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Here are the top newscasts from Bush’s ‘Mission Accomplished’ speech 

President George W. Bush makes his way to the stage to address the Nation and Sailors from the flight deck of USS Abraham Lincoln on May 1, 2003. (U.S. Navy photo by Photographer's Mate 3rd Class Lewis Hunsaker)
July 06, 2020

On May 1, 2003, standing directly under a “Mission Accomplished” banner, President George W. Bush claimed victory in Iraq in what came to be known as the “Mission Accomplished” speech.

“In the battle of Iraq, the United States and our allies have prevailed,” Bush said.

The speech eventually sparked criticism, as Bush’s remarks appeared to claim victory just six weeks after the invasion in Iraq. The war in Iraq continued for several more years, and Bush’s speech has been regarded as a symbol of misjudgment under his administration.

Below are the top newscasts regarding Bush’s speech:

President Bush gave his full “Mission Accomplished” speech in an MSNBC broadcast. Bush said Americans will never forget the impact of 9/11, and that U.S. and coalition allies had prevailed in Iraq and that the country had been liberated.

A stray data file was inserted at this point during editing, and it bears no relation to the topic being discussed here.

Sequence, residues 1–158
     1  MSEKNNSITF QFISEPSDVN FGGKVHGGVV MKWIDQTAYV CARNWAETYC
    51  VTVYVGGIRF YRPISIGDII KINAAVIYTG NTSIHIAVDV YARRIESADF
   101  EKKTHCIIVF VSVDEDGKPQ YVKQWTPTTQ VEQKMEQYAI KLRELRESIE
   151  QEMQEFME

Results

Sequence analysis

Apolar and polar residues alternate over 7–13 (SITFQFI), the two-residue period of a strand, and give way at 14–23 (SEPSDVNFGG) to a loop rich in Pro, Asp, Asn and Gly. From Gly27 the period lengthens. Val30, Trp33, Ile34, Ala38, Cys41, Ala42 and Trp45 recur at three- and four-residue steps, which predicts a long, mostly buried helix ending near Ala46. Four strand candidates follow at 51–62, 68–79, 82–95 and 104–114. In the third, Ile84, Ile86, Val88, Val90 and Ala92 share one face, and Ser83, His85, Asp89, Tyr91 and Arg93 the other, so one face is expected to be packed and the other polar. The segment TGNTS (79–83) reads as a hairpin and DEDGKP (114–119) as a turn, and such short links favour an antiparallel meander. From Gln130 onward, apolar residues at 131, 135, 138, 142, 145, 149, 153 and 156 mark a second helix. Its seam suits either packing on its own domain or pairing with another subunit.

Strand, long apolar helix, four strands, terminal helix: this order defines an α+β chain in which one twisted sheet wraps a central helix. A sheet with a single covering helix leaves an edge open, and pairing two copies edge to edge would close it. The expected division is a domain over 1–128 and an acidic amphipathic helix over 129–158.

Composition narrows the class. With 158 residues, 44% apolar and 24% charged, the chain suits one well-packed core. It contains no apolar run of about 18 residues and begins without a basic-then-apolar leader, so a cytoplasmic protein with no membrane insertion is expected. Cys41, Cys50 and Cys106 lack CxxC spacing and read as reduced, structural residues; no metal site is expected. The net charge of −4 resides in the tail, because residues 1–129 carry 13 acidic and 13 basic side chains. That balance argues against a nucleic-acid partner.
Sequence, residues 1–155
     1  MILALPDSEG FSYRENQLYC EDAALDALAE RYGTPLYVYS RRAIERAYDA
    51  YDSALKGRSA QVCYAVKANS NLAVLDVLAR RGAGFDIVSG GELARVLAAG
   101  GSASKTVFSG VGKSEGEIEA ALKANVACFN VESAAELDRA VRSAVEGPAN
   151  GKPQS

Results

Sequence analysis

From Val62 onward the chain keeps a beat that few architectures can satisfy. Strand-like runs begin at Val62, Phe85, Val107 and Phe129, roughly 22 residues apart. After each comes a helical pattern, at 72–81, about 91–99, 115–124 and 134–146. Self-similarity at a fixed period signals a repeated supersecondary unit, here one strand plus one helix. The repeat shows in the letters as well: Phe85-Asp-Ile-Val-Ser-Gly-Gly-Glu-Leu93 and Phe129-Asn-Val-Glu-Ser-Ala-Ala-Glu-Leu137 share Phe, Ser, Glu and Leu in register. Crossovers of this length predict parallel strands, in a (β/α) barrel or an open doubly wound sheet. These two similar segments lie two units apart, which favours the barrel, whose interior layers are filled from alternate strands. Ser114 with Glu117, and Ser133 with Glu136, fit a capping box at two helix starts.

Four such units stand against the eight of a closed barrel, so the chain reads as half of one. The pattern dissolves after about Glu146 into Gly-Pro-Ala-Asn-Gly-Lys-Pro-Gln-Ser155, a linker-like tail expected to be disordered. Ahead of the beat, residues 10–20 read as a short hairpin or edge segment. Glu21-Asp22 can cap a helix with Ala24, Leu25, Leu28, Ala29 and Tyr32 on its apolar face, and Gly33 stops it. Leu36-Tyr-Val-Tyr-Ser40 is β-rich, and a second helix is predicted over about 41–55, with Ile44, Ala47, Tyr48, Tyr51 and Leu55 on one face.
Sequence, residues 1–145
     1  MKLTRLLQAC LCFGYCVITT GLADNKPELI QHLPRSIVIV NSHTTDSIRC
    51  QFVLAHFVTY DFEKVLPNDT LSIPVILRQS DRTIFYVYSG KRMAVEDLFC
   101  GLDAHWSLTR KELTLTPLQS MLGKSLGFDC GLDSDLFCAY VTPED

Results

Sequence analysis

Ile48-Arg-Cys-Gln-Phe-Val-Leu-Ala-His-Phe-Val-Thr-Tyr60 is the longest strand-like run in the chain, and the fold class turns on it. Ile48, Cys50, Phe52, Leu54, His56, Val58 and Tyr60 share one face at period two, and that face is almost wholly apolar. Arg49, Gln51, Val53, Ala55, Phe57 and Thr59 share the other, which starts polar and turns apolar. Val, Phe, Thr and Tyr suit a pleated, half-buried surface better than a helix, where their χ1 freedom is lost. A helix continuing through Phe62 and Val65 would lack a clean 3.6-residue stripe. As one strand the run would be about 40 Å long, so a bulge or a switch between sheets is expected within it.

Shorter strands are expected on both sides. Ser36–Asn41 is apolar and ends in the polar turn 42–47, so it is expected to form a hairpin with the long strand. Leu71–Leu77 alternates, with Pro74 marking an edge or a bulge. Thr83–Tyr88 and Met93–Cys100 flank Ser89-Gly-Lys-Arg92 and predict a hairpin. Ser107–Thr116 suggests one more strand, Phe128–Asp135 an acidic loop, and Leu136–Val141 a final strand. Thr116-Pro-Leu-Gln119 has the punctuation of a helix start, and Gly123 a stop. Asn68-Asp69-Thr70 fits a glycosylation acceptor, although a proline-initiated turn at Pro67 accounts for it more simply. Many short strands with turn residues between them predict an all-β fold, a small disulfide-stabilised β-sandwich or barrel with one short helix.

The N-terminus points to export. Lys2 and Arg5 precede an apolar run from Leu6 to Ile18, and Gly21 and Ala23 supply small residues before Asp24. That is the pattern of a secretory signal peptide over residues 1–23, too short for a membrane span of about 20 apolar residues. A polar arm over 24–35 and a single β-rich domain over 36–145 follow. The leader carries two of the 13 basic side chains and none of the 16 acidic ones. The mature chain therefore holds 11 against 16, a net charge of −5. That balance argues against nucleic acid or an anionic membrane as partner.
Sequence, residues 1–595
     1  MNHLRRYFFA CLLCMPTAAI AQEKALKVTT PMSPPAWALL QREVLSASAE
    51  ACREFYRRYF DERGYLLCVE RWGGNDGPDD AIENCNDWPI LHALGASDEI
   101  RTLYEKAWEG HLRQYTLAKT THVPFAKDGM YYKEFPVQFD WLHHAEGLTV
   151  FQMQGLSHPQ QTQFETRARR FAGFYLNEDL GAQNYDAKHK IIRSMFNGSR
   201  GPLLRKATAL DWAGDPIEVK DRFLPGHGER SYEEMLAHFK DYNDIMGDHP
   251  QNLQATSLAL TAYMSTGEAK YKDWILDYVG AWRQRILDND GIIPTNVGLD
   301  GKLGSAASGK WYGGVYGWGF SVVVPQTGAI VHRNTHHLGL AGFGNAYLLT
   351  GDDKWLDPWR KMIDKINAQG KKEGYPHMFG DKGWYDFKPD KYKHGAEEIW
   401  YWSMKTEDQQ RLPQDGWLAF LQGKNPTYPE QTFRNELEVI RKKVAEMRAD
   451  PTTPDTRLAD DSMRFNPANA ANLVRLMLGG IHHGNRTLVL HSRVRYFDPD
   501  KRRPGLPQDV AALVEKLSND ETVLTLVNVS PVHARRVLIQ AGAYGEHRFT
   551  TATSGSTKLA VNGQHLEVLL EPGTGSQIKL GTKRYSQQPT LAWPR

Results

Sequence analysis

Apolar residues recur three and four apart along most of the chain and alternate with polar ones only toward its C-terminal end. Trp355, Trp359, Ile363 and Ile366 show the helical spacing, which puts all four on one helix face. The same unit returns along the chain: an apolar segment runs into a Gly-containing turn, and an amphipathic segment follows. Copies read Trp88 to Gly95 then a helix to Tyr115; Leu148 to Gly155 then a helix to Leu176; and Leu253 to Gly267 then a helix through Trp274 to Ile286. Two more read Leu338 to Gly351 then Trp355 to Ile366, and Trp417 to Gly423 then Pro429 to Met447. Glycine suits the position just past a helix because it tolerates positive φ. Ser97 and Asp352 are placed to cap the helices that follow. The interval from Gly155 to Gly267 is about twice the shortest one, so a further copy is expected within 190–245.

Watch the full speech below:

In a highlighted clip from the Associated Press archive, viewers can see some of the key points of Bush’s “Mission Accomplished” speech.

“The liberation of Iraq is a crucial advance in the campaign against terror. We have removed an ally of Al Qaeda and cut off a source of terrorist funding,” Bush said. “And this much is certain: No terrorist network will gain weapons of mass destruction from the Iraqi regime because that regime is no more.”

Following the “Mission Accomplished” speech, John Kerry, his Democratic political opponent in the 2004 elections, criticized the Republican president’s remarks.

Kerry said, “We need to put pride aside, in order to build a stable Iraq.” Kerry insinuated that President Bush made the speech to boost the morale of Americans, after entering a rather aggressive war.

Five years after giving his “Mission Accomplished” speech, the Bush administration admitted that they had made a mistake with the phrase. The administration stated that the banner should’ve been more specific, as it pertained to the crew of the USS Abraham Lincoln.